62

4. Determinism and predictability 3000

sn

sn

3000

-4000 -4000

sn-1

3000

-4000 -4000

sn-1

3000

Figure 4.5 Simple nonlinear noise reduction. 5000 values of the NMR laser data (Example 1.1) were contaminated with 10% artificial noise with the same power spectrum, as shown in the left hand panel. On the right the simple noise reduction algorithm described above has been used to clean the data.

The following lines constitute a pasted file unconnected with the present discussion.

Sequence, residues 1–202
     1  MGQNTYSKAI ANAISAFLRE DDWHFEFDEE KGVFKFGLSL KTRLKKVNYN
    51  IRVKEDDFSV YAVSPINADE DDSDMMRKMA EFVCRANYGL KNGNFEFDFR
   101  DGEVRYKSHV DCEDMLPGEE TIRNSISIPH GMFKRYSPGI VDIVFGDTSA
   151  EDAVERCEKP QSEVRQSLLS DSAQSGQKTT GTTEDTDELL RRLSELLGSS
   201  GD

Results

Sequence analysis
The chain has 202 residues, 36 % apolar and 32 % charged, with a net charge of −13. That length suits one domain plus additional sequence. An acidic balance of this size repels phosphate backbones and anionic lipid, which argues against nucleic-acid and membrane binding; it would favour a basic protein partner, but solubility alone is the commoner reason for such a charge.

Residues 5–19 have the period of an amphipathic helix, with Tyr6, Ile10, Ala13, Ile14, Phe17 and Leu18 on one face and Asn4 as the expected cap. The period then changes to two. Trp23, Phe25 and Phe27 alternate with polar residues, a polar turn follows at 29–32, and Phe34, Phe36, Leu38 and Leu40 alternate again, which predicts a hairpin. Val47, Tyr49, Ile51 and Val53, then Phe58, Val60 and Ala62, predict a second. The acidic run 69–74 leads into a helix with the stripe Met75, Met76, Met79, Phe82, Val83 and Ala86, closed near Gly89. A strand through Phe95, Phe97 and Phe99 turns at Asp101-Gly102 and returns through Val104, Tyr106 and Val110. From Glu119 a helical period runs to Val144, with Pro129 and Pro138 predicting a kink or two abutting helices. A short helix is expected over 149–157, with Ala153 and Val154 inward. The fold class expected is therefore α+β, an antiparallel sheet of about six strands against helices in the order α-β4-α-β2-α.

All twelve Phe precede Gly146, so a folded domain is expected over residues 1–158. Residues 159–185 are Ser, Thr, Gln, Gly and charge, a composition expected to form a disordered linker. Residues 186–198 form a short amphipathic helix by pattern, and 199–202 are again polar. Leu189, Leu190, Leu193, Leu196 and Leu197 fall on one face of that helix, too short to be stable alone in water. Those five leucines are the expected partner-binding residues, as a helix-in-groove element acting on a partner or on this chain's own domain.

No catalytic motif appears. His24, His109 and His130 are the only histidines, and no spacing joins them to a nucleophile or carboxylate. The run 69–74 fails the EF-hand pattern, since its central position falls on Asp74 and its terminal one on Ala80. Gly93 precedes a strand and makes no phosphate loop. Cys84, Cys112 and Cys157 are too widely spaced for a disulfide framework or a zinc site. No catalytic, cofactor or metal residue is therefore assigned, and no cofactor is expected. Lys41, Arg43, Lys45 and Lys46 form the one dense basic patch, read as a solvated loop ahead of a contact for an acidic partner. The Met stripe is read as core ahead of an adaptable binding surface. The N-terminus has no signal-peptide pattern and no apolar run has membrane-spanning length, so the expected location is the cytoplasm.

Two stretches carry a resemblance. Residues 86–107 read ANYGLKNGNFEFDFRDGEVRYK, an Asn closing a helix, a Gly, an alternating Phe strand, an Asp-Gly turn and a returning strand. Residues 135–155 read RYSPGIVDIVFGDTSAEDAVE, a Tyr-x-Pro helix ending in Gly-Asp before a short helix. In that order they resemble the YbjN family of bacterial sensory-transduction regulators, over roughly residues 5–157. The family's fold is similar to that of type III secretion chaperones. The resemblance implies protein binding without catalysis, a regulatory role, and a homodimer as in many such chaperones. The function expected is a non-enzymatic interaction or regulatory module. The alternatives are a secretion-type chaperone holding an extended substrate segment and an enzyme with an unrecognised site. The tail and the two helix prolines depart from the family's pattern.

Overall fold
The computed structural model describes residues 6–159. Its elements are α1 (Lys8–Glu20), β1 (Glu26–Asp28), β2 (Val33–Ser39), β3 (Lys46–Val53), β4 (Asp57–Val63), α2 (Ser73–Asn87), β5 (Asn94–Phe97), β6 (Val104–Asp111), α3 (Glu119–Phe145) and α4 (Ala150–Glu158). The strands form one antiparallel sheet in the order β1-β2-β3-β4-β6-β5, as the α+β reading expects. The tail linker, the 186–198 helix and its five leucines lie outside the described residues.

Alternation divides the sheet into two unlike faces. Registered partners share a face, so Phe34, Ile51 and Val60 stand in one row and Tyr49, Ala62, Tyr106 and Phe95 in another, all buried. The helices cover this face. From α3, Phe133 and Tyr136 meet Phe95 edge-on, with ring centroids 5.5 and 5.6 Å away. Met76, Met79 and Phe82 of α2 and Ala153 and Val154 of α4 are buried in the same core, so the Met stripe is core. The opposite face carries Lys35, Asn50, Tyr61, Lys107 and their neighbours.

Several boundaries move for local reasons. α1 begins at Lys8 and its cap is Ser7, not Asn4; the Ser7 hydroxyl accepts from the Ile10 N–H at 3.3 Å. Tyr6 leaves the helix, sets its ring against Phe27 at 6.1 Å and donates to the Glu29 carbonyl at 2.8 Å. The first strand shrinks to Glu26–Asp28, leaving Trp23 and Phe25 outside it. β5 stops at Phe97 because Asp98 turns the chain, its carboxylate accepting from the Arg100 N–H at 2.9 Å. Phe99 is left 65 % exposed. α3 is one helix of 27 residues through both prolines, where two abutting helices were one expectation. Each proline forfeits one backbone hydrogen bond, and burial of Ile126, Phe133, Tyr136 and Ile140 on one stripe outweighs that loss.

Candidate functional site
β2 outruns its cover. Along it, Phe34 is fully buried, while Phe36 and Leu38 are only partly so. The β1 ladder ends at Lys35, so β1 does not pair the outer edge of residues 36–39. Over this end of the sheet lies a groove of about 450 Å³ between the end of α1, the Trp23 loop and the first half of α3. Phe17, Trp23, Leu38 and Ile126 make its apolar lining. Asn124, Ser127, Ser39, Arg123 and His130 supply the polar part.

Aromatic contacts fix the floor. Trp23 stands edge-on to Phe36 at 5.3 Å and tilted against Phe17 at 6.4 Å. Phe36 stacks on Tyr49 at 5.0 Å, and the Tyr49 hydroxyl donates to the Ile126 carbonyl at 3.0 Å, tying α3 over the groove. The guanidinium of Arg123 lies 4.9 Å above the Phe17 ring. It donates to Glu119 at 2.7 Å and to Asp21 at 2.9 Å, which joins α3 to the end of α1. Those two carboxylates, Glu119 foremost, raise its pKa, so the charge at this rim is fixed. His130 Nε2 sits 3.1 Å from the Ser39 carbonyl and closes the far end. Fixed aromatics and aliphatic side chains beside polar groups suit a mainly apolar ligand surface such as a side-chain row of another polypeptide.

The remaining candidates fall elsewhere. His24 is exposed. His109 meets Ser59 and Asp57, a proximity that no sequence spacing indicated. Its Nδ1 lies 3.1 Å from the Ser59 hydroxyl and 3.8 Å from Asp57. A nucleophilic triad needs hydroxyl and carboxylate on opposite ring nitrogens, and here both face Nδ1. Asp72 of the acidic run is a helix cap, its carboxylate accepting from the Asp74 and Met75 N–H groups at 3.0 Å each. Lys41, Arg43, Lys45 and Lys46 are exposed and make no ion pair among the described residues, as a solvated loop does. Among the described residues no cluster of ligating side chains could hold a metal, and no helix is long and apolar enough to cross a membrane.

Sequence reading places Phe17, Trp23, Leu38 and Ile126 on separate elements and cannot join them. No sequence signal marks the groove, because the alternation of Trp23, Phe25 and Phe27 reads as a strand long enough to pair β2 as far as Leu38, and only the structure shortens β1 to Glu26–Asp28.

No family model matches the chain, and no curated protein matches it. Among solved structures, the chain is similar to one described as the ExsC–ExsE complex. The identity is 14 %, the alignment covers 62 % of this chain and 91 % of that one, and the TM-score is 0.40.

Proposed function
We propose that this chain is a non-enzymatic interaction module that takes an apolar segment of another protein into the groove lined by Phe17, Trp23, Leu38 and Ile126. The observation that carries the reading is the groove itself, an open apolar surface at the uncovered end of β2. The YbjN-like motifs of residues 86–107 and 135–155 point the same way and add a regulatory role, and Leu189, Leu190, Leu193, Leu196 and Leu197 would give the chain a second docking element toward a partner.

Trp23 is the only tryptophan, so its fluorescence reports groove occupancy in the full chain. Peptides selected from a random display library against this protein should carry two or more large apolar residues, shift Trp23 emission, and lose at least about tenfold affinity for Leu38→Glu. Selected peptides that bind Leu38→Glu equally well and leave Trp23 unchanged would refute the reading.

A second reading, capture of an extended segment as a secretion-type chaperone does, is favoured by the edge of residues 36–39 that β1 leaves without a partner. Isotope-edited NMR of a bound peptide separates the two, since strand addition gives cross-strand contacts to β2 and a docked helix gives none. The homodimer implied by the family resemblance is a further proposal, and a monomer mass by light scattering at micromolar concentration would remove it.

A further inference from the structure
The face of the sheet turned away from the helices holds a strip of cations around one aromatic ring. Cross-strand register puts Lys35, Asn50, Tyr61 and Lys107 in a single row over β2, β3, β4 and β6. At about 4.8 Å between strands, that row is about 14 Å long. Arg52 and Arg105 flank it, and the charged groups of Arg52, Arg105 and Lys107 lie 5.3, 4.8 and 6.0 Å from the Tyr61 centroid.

For the embedding dimension m it seems reasonable to use a value such that the dynamics are deterministic both in the future and in the past coordinates. Here, the conservative choice is a larger value of m by which we get rid of some of the more dubious neighbours. Within the TISEAN package, the scheme described here is implemented as the program lazy, which is discussed in Appendix A.8. Example 4.4 (Simple nonlinear noise reduction on NMR laser data). As a tribute to those very reasonable experimental scientists who refuse to be convinced just because a method works on the H´enon map, the data set we choose as our first example is at least half real. The “clean” signal is taken to be 5000 values of the NMR laser data we showed before (see Appendix B.2 for details). They contain about 1.1% measurement noise. Now we artificially add “measurement noise” consisting of random numbers which have been filtered to have the same power spectrum as the data themselves. The rms amplitude of the noise is chosen to be 10% of the amplitude of the data. This kind of noise is called in-band noise and is completely indistinguishable from the signal for any spectral filter. Now we use the simple nonlinear noise reduction scheme to remove the measurement noise again. The result is shown in Fig. 4.5. Of course, our algorithm will not be able to distinguish the real and the additional noise which limits the evaluation of its performance. Still we can reduce the amplitude of the added random component by a factor of about 1.7, using values of  corresponding to about 2–3 times the noise amplitude.  Example 4.5 (Simple nonlinear noise reduction on far infrared laser data). Let us now proceed to a really real example. In Fig. 4.6 (left hand panel) we show an enlargement by a linear factor of two of a phase portrait of data set A of the Santa